The fate of more than 1,000 Iraqi women captured by Isis militants remains unclear, as Kurdish troops moved closer to the city of Mosul, which was taken by Isis in June.
Witnesses said that the captured women, who were of the Yazidi faith, were divided into groups of younger and older women.
The witnesses said they were not aware that Isis had maltreated either group but it appeared that the younger women were intended as so-called brides of Isis fighters if they converted to Islam.
Meanwhile, Kurdish peshmerga forces were moving towards targets around Mosul last night and claimed to have taken the strategically important dam on the Euphrates river. It is the largest in Iraq and controls water and electricity supplies to a large part of northern Iraq.
Isis was hit repeatedly by US air strikes, which enabled the Kurds to advance. The US Central Command said a combination of bombers, fighter jets, attack planes and unmanned drones launched 14 strikes near the dam, after nine strikes on Saturday.
Kurdish forces are also believed to have recaptured the mainly Christian towns of Batmaiya and Telasqaf, 18 miles from Mosul., the closest they have come to the city since Isis fighters drove government forces out in June.
David Cameron said yesterday that Britain should consider an alliance with Shia Iran to deal with the Sunni extremists of Isis, saying they were seeking to create a “terrorist state” stretching from Iraq to the Mediterranean that could pose a threat closer to home.
He warned that Isis should not be viewed as “a problem miles away from home”, saying it would “only grow stronger until it can target us on the streets of Britain”.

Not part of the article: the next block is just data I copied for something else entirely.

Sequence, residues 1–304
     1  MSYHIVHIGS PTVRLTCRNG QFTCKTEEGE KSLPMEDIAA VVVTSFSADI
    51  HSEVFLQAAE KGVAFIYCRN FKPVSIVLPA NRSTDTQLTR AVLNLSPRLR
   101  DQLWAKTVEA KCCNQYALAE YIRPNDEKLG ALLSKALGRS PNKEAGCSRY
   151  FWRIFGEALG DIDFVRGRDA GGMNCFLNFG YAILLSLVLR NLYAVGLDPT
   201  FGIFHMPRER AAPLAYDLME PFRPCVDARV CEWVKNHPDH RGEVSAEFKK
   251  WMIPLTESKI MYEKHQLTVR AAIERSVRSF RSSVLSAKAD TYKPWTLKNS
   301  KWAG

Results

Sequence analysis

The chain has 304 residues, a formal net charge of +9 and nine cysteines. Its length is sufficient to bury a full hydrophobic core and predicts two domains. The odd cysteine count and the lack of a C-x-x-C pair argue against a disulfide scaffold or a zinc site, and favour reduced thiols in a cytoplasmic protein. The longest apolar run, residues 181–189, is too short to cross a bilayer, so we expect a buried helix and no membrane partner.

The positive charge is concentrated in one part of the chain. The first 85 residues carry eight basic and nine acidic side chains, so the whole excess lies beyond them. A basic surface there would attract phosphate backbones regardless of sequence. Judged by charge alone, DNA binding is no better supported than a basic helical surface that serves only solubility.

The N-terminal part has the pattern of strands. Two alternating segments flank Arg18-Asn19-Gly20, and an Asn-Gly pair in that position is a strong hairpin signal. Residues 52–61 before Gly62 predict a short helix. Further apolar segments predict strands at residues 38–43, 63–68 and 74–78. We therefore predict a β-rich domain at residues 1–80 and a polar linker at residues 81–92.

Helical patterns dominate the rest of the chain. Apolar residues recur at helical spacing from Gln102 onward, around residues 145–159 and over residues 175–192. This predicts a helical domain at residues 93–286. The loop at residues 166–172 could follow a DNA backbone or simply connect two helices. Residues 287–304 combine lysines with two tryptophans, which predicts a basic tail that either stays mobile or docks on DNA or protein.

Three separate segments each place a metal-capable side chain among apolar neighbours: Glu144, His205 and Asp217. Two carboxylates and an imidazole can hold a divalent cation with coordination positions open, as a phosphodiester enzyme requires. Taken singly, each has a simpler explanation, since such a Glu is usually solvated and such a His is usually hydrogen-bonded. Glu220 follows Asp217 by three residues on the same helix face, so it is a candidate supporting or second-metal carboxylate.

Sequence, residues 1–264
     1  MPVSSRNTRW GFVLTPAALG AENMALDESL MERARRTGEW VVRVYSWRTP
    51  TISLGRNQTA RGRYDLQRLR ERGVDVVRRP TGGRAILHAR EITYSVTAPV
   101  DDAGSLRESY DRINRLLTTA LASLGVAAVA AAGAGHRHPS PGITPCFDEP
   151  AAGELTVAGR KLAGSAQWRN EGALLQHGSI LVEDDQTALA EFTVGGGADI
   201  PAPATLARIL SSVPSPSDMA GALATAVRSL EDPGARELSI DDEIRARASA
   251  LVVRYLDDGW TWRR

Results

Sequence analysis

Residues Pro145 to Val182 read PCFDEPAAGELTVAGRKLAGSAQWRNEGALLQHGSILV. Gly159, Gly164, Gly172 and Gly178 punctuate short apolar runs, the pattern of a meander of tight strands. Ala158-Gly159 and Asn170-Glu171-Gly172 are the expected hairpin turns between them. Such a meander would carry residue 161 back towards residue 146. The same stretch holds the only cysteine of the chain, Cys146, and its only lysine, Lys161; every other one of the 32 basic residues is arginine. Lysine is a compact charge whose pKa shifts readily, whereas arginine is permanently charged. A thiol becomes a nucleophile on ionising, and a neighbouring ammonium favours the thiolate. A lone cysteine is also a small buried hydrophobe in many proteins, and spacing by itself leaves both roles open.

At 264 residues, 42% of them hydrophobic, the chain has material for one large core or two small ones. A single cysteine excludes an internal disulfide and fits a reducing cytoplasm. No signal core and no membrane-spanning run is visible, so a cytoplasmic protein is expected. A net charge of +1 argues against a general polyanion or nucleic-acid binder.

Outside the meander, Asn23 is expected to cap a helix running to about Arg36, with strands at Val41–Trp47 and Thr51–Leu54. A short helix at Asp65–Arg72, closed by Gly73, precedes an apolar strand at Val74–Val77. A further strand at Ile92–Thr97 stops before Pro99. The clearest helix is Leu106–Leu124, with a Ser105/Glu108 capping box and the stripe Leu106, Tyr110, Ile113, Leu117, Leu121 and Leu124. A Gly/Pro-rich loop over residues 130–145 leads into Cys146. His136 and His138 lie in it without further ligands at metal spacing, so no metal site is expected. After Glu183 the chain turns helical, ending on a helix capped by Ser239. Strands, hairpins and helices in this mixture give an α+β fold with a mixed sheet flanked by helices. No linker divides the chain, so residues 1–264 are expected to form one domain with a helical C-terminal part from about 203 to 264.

Women held as chilling saga continues of kidnappings and executions in northern Iraq
By Liz Sly
Hundreds of Yazidi women captured by Islamic extremists during their sweep through the town of Sinjar are being incarcerated at scattered locations across northern Iraq in what increasingly looks like a deliberate attempt to co-opt them into service as the wives of fighters.
As al-Qa’ida-inspired Isis militants surged into the area from surrounding Arab villages two weeks ago, snaring those who had not managed to flee, they showed a marked interest in detaining women, notably the youngest and prettiest, according to witnesses, relatives and, in some instances, the women themselves.
Women were separated from men, then younger women were separated from older ones, with most shunted off in buses or trucks.
Once in custody, the women are presented with a bleak choice. Those who convert to Islam can be promised a good life, with a house of their own and – implicitly – a Muslim husband, because the extreme interpretation of Islam promoted by Isis does not permit women to live alone. Otherwise, they have been told, they can expect a life of indefinite imprisonment – or, they fear, death.